The 2011 Election results mean we will see a government very similar to that which we have had over the past three years, but with National having a larger share of seats in the House and therefore, possibly, a stronger ability to do whatever it wants.
Early childhood education was not a key election issue this time round; in fact ECE barely featured in pre-election media coverage.
One explanation for this may be that the Labour campaign floundered and did not provide voters with enough fresh and attractive policy around ECE. Another may be that the lobby groups are losing their influence within the sector. Or perhaps voters were not convinced by Labour’s costings even though they liked the ideas.
When National came in to government three years ago, the finance minister made it a priority to rein in government spending. In ECE it was felt spending had spiralled out of control as more families than expected took up the 20 hours scheme and ECE providers raced to increase their numbers of registered teachers in order to obtain higher funding rates. To contain this spending the government chose a route which would reduce the influence of teachers, the unions and the community-led ECE sector.
During the three years of this National led government many parents have seen their childcare costs increase and teachers have seen opportunities for things such as professional development reduce. Standards have been revised such as increasing licence size from 50 to 150 children and from 25 to 75 infants. The target of having 80% qualified teachers was put off from 2010 to a review in 2012 and funding for centres with more than 80% qualified teachers has been scrapped.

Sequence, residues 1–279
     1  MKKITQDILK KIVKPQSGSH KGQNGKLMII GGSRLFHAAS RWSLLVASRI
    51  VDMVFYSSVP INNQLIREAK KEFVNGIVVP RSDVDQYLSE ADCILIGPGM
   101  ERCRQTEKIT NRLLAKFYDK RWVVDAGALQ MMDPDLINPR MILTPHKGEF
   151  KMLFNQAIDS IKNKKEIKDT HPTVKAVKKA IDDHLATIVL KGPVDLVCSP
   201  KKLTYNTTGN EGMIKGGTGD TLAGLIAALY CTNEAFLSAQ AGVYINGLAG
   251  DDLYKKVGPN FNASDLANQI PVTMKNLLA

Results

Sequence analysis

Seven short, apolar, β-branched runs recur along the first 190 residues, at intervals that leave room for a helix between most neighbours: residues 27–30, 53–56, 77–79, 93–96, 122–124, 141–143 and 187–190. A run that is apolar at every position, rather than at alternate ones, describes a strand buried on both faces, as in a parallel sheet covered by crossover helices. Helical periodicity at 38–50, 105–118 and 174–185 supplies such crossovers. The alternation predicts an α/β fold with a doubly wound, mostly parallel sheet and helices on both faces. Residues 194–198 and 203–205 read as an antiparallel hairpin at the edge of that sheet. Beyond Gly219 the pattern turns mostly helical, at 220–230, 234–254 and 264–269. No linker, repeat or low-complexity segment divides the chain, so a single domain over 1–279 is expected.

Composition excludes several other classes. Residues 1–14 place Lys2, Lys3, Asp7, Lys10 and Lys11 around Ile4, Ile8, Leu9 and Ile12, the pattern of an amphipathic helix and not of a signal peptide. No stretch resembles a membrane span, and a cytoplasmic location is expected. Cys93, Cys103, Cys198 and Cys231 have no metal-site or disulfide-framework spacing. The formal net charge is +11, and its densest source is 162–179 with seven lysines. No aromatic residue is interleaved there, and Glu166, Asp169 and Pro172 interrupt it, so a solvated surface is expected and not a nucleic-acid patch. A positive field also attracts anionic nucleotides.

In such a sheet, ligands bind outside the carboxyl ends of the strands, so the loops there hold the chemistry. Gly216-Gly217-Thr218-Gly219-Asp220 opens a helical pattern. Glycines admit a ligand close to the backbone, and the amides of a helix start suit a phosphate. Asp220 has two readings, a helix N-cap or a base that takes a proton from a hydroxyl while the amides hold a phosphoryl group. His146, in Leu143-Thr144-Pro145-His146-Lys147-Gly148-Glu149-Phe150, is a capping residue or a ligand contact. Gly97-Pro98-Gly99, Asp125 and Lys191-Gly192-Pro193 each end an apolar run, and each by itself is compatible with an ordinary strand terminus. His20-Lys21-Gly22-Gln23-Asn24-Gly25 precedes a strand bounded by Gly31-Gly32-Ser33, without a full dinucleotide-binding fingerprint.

Before the 2008 election National put forward the following policy for ECE:
- “Enhance” the 20 Hours Free ECE funding by extending it to all licensed ECE services and lifting the 6 hour a day limit
- Tackle teacher shortages, with the main proposal being to allow foreign trained teachers to qualify after a 6 week course
- Increase the teacher-child ratio in centres and make it a requirement for centres to ensure under-2s are taught by at least 50% of staff who are registered teachers
- Reduce bureaucracy for early childhood centres
- Boost participation in early childhood care and education
There have been mixed results for the implementation of these policies during their first term. The 20 hours scheme has been extended to Playcentres and Kohanga Reo but the six hour a day limit remains in place. The teacher shortage has instead been tackled by reducing the percentage of qualified teachers funded in centres and moving back the timeframe for reaching 80% qualified teachers. Teacher ratio changes have not been made and no requirement has been introduced to ensure employers do not place all of their 50% of qualified teachers with older children only and leave infants with unqualified staff. Little has been done to reduce bureaucracy; some form filling has been done away with but early childhood services report they have as much if not more bureaucracy to deal with now than under the previous Labour-led government. In regards to boosting participation a programme of funding providers to establish new ECE services or to expand their current numbers has been stepped up. Also, more money is being spent on convincing families to enrol their child in a licensed ECE service. So far however this does not seem to have had a significant effect on participation statistics nationally.